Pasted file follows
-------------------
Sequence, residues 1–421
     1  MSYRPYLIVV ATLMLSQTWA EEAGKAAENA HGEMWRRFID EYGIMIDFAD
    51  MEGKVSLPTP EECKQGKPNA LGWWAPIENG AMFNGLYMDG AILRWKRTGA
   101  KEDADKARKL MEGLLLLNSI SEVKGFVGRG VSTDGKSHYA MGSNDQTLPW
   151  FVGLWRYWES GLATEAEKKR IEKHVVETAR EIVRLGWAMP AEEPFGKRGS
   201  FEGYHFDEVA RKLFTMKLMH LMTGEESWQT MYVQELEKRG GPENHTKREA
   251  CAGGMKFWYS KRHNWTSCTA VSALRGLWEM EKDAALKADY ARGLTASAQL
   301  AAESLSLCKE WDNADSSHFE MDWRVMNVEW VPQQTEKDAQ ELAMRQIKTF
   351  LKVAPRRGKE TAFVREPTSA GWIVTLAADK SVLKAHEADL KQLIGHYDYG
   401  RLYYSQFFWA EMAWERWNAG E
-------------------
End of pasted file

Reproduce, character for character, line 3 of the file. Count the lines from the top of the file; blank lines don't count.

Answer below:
    51  MEGKVSLPTP EECKQGKPNA LGWWAPIENG AMFNGLYMDG AILRWKRTGA